channel blockers to the increased morbidity and mortality among patients with coronary artery disease ( Oparil, 1988; Kaplan, 1992; Hildreth & Saunders, 1991).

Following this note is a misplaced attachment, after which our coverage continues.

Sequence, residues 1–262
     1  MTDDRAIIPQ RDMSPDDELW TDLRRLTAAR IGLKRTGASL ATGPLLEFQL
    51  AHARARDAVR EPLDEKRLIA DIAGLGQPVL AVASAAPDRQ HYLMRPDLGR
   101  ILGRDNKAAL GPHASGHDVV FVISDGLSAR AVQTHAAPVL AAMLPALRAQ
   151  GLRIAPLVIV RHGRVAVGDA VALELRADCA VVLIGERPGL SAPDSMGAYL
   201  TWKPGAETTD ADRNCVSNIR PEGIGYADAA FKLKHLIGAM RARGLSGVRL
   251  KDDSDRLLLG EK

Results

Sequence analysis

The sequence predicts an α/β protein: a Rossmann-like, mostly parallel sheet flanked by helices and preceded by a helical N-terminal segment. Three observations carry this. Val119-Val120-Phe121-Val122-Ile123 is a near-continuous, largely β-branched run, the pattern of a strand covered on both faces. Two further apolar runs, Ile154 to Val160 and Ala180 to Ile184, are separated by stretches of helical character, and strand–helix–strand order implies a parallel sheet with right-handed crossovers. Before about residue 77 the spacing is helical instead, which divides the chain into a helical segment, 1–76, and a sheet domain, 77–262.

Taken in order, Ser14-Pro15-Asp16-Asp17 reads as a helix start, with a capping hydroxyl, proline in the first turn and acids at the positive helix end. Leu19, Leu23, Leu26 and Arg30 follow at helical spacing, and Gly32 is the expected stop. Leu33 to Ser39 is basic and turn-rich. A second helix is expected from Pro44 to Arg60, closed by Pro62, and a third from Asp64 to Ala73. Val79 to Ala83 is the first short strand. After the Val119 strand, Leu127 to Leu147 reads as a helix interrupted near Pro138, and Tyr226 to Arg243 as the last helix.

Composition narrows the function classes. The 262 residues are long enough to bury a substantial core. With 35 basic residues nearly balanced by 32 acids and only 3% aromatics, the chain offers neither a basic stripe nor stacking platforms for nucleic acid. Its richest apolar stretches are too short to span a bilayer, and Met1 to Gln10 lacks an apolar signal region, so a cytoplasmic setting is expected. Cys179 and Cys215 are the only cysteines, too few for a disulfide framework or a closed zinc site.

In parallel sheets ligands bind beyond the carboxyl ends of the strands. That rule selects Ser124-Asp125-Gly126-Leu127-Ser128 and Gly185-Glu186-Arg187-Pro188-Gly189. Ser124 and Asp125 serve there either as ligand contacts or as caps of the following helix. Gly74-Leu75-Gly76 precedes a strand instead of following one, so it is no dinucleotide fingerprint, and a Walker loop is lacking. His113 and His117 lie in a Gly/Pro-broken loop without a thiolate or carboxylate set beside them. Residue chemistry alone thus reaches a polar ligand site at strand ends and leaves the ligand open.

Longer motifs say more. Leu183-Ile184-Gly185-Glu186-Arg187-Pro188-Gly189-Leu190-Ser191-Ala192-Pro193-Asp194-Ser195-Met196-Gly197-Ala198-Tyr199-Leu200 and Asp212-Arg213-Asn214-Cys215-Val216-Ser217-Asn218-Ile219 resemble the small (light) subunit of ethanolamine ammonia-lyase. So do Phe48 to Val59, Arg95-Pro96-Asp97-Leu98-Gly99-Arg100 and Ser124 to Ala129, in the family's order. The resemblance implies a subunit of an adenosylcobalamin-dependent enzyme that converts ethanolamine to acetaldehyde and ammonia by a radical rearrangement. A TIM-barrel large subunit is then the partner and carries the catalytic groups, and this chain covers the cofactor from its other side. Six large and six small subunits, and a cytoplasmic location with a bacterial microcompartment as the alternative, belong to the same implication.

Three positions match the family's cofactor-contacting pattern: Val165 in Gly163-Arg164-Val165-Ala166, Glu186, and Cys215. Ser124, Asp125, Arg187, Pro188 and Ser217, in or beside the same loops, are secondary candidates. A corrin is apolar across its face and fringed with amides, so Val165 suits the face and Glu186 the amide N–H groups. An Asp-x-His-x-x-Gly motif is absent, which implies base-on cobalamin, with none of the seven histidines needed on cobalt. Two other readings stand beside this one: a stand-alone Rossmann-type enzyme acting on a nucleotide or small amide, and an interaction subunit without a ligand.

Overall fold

Black women have hypertension much more frequently than white women and it is also much more severe. The cause of hypertension is unknown but there is no doubt that genetics, obesity, and stress along with humoral and cellular mechanisms play contributing complex roles in the pathogenesis of hypertension. Black women also tend to have more side effects related to hypertension. The treatment should be multifaceted and the nonpharmacological therapeutic modalities cannot be overlooked or minimized in importance. Medical therapy is important in order to avoid or delay the end organ damage associated with hypertension and that disproportionately affects black women, including eye disease, heart disease, heart failure, kidney disease, and stroke. The cost of medicine is high and many black women are unable to afford their medical regimen. Health care providers must continue to fashion innovative strategies for the care of these patients in order to avoid premature death and disability. Finally, we cannot attack this multisystem disease without a concerted effort to confront the ills of society that contribute directly and inexorably to the magnitude of this epidemic.
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